Association of plasma vitamin C concentration to total and cause-specific mortality: A 16-year prospective study in China

Plasma vitamin C and total mortality have shown an inverse relationship in cohort studies in the United States and Western Europe. In economically developing areas (where vitamin C deficiency is a larger problem), studies are lacking.

Methods

To assess whether plasma vitamin C influences total mortality in low-income regions, researchers evaluated data from the General Nutrition Intervention Trial (NIT) cohort in Linxian China.

Nearly 30,000 participants (aged 40-69 years) enrolled in the NIT study in 1986. In 1999-2000, most of the living participants provided fasting blood samples. Participants were observed until 2016. Vital statuses and causes of death were documented. The current study relied on data from 948 randomly selected individuals who provided blood samples in 1999-2000.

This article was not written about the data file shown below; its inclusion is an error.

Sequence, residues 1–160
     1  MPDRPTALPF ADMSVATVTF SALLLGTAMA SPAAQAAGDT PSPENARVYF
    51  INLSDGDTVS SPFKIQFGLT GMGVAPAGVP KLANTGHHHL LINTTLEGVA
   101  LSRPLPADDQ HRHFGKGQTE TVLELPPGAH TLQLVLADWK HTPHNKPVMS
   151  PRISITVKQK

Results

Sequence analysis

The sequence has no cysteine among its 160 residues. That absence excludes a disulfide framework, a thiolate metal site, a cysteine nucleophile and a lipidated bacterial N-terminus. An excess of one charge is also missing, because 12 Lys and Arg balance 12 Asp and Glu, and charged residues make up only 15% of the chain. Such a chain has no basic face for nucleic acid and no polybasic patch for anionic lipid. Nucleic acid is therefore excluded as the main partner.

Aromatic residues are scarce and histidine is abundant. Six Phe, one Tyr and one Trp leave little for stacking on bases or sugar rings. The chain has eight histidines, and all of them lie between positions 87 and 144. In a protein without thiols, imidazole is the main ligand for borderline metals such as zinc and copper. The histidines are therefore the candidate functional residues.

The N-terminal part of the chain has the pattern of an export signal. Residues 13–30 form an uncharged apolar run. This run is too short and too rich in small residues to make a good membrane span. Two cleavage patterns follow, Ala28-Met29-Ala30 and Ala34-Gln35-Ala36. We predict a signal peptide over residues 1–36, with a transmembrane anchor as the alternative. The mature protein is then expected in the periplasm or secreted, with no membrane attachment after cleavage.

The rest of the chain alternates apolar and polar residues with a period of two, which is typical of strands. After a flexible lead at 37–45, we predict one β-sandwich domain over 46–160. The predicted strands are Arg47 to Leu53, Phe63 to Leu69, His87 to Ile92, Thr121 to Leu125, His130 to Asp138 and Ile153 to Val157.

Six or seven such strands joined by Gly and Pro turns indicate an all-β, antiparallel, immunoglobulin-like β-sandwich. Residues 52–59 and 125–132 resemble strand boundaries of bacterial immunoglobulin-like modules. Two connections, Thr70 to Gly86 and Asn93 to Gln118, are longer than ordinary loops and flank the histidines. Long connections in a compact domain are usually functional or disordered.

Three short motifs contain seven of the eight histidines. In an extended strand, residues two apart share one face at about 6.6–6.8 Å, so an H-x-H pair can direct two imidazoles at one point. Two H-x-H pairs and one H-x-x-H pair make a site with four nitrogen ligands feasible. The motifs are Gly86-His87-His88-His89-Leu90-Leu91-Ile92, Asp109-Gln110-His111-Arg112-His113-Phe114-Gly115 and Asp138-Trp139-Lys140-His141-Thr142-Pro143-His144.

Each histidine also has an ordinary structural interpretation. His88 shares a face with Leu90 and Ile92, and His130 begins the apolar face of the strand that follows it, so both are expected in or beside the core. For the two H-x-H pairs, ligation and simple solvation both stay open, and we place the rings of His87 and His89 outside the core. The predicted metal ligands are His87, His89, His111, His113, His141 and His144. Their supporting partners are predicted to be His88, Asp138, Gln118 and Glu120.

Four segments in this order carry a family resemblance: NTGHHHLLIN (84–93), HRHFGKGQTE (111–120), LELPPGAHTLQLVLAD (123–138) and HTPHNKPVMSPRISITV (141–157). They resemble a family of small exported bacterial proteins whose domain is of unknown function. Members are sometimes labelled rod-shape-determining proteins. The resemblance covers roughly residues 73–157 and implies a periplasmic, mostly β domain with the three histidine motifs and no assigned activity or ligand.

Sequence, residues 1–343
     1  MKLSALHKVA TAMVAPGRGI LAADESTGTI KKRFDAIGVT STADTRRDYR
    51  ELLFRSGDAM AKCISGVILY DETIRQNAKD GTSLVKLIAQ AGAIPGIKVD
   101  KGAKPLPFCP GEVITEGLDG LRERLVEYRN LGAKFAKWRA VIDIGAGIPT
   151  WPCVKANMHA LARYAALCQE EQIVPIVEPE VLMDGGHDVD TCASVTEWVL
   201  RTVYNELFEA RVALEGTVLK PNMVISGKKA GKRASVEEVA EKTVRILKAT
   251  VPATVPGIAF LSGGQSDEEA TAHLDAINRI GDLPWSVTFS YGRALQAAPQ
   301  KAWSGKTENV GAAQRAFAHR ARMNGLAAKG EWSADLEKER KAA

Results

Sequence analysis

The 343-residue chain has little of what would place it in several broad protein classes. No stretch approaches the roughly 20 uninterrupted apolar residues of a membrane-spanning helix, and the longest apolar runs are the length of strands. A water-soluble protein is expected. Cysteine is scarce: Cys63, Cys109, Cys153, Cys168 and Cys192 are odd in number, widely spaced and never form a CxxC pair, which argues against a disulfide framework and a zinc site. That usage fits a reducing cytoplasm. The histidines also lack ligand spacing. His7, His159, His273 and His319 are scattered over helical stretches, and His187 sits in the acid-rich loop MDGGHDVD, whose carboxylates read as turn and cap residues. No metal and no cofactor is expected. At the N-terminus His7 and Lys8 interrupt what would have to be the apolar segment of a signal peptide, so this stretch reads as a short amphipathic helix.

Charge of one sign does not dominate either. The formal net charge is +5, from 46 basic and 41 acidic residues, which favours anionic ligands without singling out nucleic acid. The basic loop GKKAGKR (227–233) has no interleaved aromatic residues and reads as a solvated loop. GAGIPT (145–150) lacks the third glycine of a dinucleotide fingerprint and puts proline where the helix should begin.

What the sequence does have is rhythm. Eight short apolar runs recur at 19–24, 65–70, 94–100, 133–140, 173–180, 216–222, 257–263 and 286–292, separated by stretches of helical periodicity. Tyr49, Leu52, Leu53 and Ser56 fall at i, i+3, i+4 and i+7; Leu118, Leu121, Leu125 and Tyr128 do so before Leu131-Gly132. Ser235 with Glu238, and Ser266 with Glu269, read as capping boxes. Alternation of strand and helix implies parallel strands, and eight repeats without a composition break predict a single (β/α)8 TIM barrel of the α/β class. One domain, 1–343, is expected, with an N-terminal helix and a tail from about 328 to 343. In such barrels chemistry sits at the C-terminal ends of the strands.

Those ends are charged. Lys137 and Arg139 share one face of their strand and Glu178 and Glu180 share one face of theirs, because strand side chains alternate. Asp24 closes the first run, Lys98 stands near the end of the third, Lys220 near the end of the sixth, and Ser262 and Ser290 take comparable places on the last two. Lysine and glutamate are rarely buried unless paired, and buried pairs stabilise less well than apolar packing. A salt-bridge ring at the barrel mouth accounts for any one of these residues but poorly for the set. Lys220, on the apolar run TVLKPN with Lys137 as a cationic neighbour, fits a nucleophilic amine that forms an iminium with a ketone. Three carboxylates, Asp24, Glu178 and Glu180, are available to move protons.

Vitamin C is an essential nutrient that must be obtained from the diet as it cannot be synthesized by humans.

Results

Over 16.4 years of follow-up, there were 551 deaths out of 948 subjects. People with the highest plasma vitamin C quartile concentrations had a 25% lower risk of total death than those with the lowest quartile. When compared with people with low vitamin C (≤ 28 micromol/L), people with normal vitamin C levels had a 23% lower risk of death overall and a 38% lower risk of death from heart disease. When vitamin C was analyzed as a continuous variable, each 20 micromol/L increase in vitamin C concentration reduced the risk of total death by 10% and the risk of heart disease by 17%.

Conclusions

Vitamin C is an essential nutrient that cannot be synthesized by humans. It is required for collagen synthesis, neurotransmitter production, and as a scavenger of free radicals. This study adds new evidence that higher plasma vitamin C levels are associated with lower total mortality in economically developing areas.

Wang, S.M., Fan, J.H., Taylor, P.R., Lam, T.K., Dawsey, S.M., Qiao, Y, & Abnet, C.C. (2018). Association of plasma vitamin C concentration to total and cause-specific mortality: A 16-year prospective study in China. Journal of Epidemiology and Community Health, 72(12), 1076-1082.